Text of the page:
It’s all fairly intriguing, but it’s hard not to feel strung along. The performances from Ali, Dorff, and Ejogo remain strong, but much of what they’re given to do is starting to feel like filler, never more than in the 1990 segments, which keep flat-circling over themes and moments the season has already explored. Wayne and Roland question a now-grown Freddy, who’s no less the self-pitying a-hole than he was before. “If you think there’s something you can do to me, you might want to take another look at my life,” he tells them; though, to be honest, his life doesn’t look all that bad. Wayne agrees, later saying to Roland, “Please explain to me all the hardships and tribulations being a white man in this country,” then going off on the kids these days being, shades of a Clint Eastwood quote, “a generation of pussies.”
Later, over dinner at Roland’s house (with Lori, the woman he was flirting with outside church in 1980 in the previous episode), Wayne goes off again on Amelia, the argument following them home where he all but says out loud how emasculated and passed over by life he feels. At this point, it’s hard not to feel frustrated when 1990 Wayne starts in on another one of his rants. “This will shock you,” Amelia tells him, “but I have bigger dreams than just making a house for you to brood in.” Yet sometimes it plays as if that’s why Pizzolatto built this season of True Detective.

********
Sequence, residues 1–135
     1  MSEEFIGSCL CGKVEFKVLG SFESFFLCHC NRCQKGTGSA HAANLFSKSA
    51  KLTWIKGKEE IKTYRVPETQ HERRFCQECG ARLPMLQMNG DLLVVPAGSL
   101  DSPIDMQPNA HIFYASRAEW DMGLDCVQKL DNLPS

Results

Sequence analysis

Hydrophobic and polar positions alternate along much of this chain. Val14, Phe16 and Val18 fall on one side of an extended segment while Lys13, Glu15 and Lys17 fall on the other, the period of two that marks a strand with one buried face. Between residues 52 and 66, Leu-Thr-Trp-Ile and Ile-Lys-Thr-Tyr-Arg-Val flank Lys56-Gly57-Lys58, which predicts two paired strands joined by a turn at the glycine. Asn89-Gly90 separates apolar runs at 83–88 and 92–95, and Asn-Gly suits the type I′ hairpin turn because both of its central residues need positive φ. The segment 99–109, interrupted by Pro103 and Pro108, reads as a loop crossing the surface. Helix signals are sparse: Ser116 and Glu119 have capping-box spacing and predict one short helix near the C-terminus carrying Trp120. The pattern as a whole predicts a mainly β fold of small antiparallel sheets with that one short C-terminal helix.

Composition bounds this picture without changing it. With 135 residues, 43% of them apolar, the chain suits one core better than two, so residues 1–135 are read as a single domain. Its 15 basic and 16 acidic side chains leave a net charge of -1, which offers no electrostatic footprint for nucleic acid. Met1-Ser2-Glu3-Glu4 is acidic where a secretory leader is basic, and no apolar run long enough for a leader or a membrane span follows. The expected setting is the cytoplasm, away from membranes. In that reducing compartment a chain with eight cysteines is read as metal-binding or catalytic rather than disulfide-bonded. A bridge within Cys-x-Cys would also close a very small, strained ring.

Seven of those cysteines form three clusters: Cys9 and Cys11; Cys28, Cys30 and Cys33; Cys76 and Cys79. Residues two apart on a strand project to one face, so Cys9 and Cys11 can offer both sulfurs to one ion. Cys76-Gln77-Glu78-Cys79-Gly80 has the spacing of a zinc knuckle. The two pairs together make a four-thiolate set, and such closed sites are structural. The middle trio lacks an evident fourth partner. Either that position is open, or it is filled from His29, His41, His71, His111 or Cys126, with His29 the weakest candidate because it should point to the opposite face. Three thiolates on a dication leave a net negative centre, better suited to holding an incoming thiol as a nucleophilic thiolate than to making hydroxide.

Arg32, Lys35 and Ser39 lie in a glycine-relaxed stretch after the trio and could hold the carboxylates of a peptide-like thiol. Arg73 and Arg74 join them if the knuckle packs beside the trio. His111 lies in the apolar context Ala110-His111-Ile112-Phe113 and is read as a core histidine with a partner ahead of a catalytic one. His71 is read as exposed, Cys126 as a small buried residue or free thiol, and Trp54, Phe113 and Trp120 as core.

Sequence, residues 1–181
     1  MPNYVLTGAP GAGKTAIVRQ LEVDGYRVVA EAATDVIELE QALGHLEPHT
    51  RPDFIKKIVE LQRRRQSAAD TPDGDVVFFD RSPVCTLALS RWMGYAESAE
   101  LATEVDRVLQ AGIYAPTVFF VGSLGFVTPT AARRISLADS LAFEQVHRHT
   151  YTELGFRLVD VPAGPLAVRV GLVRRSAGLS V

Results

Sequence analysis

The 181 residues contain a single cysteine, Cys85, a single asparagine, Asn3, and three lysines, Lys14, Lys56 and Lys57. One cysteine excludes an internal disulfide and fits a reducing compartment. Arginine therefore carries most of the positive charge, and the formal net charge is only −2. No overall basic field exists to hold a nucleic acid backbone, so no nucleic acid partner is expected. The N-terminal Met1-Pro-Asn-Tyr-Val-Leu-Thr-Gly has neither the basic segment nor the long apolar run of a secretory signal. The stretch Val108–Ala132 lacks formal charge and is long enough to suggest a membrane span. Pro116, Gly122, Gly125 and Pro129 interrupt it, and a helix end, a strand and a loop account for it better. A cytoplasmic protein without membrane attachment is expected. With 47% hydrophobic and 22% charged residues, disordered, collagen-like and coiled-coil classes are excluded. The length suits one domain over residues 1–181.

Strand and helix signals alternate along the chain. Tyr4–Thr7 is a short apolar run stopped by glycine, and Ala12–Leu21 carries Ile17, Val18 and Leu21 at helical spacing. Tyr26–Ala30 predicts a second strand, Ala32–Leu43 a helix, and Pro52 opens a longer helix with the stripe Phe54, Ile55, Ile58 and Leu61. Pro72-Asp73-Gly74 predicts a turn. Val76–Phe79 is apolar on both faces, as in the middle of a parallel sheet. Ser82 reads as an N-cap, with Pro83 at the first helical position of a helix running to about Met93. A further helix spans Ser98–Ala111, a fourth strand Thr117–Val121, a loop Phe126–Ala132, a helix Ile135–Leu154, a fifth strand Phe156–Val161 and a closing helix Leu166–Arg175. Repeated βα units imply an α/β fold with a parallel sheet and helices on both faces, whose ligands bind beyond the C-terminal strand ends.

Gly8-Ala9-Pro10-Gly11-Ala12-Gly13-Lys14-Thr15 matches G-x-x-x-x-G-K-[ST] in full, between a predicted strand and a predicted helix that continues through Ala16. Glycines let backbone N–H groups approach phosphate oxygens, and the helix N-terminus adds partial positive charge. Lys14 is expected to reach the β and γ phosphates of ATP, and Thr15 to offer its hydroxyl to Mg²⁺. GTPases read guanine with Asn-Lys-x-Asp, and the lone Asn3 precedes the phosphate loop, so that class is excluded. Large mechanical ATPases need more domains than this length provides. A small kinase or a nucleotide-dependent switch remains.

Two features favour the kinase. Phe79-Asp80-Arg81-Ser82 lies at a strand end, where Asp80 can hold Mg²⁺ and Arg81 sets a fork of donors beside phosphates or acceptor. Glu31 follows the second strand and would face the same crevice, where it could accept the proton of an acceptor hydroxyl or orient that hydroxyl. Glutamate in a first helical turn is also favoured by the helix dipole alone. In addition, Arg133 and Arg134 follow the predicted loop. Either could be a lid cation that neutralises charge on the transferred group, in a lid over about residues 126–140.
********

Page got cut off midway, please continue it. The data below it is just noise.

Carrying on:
Still, the moments that work make the effort seem worth it. From the start, season three has played with the flow between past and present. Sometimes it’s done this clumsily. Other times, it’s been quite lyrical, as when 2015 Wayne wanders his house looking for the wife who’s no longer there and the children who’ve all grown up and moved away, only to be drawn into a memory of togetherness when they all read The Jungle Book together. Such moments forgive a lot, and if the solution to the mystery proves worth the wait, that will forgive even more. But we’ve got a ways to go before we get there, and the terrain is starting to get a little too bumpy for comfort.
Intriguing Leads and Red Herrings
• Though it baffles Wayne, Roland’s fate of hanging out by himself in the country, drinking, and giving dating advice to dogs makes a fair amount of sense. Whatever his skills in the professional field, and however domestic he looks with Lori in 1990, he doesn’t seem the type to be able to make a settled life for himself.
• Besides, something he and Wayne did clearly unsettled him big time at some point. Piecing it together, they seem to have killed Cousin Dan O’Brien. And the day after, Wayne spoke to Hoyt — presumably the aforementioned “big man” at Hoyt Foods — but never told Roland about the conversation. This all clearly means something, though what it means remains unclear.
• Does it have something to do with why Wayne and Roland haven’t spoken in 24 years? Presumably. But Wayne can’t remember, and the scene where Henry preps Roland about his father’s memory loss gives the episode its most poignant moment.
• Finally reading Amelia’s book, Wayne realizes that Lucy wrote the note about Julie because of “things the mother said.” Was it last episode’s roundly criticized “soul of a whore” phrasing?
• This week’s episode is again directed by Nicholas Pizzolatto, but it looks as if Daniel Sackheim, who directed the third episode, will direct episodes six through eight.